It’s worth renting a motorbike to discover the cities in the central highlands and their surroundings. More so than by car, by motorbike is a great way to experience the weather, the legendary roads, and the daily lives of the local people.

The central highlands has many sloping mountainous roads, so sturdy shoes are must for walking around.

When to visit

The central highlands has two distinct seasons: dry (December to April) and wet (May to November). In the wet season it can be difficult to drive on the roads, as many are unpaved. In the dry season the weather is cooler than down on the plains. December is the ideal time to visit, because a number of festivals are being held at this time. At the end of February the coffee flowers blossom, whitening the fields and the hills. March marks the holding of the famous Elephant Race in Don village.

As the sunset covered the dried grass hills and some birds stretched their wings under the pink clouds, we departed Kon Tum for Pleiku.

We set out to discover the town after sipping on some super strong coffee. On the advice of a local backpacker we visited Minh Thanh Pagoda. Initially I wondered ‘who would come to the central highlands and spend time at pagodas?’, given that the local pagodas cannot be compared with those in the north. It turned out I was absolutely wrong. Minh Thanh is truly unique, with beautiful gardens and towers on a gently sloping hill, two kilometres from the city.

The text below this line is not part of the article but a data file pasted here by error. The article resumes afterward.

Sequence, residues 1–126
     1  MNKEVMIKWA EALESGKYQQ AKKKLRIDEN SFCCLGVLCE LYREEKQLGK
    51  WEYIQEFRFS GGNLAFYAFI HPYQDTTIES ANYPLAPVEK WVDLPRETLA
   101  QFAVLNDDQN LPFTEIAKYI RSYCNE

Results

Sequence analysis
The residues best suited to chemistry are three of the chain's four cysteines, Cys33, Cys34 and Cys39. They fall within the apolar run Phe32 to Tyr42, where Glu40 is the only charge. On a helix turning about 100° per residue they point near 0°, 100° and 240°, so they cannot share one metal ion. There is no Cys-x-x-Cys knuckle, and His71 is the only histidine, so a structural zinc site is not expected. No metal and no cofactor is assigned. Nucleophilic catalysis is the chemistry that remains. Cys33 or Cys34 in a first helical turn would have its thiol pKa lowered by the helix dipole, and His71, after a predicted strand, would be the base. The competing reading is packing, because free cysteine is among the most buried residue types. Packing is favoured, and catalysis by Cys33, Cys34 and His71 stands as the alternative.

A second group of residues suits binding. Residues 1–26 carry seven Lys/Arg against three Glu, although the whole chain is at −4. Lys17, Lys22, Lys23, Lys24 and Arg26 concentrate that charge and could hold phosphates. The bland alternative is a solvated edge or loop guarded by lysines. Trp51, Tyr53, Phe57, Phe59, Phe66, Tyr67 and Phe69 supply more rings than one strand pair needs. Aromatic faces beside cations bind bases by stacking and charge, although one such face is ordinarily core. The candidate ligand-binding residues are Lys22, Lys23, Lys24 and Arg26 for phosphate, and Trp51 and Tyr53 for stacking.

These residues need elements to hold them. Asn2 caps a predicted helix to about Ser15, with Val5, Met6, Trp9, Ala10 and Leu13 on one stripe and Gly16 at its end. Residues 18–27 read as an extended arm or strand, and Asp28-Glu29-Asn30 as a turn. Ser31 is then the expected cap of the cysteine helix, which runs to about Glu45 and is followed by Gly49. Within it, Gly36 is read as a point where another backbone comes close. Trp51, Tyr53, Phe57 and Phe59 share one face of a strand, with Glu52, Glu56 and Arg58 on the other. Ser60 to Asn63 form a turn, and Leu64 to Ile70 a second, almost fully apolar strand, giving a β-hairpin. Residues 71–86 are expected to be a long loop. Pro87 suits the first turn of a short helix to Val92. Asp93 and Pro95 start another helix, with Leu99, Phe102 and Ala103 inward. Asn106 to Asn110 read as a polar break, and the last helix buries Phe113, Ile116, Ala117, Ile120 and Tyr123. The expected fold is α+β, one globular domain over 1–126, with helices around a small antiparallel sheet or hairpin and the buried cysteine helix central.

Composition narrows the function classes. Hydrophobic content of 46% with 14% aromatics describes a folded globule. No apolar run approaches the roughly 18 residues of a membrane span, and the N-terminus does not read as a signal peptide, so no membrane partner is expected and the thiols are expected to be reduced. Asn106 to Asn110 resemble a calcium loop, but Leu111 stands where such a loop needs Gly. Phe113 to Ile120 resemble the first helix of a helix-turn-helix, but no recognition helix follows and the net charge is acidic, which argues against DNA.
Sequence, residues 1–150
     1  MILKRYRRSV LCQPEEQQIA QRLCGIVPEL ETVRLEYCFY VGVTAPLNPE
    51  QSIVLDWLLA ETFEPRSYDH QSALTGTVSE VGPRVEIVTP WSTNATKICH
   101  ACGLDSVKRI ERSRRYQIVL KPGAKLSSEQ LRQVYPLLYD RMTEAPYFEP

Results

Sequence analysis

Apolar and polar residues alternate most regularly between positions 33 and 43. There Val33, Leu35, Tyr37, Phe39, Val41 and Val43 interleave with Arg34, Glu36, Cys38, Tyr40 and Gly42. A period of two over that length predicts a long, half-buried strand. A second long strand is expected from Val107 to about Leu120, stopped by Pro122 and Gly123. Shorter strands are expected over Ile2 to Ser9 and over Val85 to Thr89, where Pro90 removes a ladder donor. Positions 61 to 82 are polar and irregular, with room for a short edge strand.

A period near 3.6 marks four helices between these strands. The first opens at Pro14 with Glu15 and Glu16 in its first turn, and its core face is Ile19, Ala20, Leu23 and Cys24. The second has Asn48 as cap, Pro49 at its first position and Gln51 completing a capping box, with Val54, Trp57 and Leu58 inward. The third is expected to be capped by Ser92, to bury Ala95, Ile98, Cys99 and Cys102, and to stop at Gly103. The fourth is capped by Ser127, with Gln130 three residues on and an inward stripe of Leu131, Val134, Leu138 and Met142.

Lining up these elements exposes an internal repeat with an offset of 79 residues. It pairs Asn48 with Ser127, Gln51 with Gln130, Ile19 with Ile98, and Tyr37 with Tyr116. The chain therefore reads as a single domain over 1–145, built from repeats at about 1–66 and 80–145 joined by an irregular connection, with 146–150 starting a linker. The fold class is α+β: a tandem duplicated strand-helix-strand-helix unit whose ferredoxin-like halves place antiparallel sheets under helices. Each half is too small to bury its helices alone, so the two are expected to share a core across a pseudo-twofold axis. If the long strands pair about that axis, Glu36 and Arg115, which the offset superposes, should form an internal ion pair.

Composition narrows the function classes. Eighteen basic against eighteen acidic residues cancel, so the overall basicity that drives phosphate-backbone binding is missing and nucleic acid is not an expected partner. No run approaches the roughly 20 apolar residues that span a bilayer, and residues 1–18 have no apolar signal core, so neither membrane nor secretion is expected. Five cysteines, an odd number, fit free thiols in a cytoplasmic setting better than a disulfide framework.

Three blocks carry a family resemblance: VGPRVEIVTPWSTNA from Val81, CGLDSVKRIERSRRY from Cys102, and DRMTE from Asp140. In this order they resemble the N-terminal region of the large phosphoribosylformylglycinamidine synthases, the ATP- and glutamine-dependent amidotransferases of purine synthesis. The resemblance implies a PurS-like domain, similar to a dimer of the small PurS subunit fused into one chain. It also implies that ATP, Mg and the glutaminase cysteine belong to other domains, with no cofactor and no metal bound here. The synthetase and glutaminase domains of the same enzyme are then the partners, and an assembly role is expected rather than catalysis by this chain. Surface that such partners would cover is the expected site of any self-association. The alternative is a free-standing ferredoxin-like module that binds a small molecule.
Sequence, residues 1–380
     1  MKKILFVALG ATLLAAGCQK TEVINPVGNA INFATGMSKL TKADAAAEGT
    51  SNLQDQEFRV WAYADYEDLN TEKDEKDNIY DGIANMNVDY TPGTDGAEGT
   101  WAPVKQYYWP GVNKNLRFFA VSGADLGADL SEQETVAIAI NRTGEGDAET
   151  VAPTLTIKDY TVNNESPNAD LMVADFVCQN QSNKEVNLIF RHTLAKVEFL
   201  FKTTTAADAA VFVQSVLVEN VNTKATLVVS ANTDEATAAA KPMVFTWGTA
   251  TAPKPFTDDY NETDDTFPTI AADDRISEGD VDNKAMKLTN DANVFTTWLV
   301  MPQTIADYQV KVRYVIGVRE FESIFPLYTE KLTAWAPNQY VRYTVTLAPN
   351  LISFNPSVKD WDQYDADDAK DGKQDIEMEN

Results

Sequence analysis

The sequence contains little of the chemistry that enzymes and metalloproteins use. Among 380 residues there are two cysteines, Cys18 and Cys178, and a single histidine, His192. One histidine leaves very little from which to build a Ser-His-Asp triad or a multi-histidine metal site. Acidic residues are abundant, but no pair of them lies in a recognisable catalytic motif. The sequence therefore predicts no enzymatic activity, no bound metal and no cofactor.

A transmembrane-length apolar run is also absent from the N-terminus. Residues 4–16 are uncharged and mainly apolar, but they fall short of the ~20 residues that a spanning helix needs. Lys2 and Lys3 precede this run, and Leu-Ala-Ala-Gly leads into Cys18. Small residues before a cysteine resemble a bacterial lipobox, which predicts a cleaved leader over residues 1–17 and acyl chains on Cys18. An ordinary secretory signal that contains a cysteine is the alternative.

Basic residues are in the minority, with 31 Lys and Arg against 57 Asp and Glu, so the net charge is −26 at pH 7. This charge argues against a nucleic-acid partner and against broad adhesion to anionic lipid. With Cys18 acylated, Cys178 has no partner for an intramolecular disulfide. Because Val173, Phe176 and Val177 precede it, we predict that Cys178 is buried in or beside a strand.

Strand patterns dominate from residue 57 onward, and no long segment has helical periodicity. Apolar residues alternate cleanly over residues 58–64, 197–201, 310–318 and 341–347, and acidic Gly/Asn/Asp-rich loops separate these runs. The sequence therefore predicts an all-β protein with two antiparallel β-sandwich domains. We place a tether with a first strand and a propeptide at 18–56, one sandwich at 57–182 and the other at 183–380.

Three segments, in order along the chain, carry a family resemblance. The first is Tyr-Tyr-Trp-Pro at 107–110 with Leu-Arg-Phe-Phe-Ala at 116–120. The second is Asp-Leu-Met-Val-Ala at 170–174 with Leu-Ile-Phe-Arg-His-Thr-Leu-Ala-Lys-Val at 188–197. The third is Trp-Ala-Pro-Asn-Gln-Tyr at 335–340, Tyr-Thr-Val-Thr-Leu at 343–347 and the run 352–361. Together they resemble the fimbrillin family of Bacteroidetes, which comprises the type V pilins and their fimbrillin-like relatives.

The pagoda was built in 1964 and has gone through a few renovations. Instead of being colourful, like many other pagodas, it has a light and sophisticated colour tone. When we visited the highest levels of the Relic Tower (Bao thap Xa loi) had been recently repaired. The tower has nine storeys and stands impressively under the blue sky. In front of the pagoda’s yard a white marble Buddha statue sits in the middle of Lien Tri Lake amid blossoming white lotuses. It was a mid-week morning so was very quiet, bringing a sense of peace to visitors.